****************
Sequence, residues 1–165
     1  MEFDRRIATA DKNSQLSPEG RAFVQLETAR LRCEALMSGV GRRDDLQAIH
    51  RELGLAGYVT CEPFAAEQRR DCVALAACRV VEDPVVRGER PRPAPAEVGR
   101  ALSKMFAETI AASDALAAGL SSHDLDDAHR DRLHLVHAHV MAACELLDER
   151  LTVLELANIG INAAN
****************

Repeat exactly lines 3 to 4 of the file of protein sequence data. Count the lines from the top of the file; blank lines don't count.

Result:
    51  RELGLAGYVT CEPFAAEQRR DCVALAACRV VEDPVVRGER PRPAPAEVGR
   101  ALSKMFAETI AASDALAAGL SSHDLDDAHR DRLHLVHAHV MAACELLDER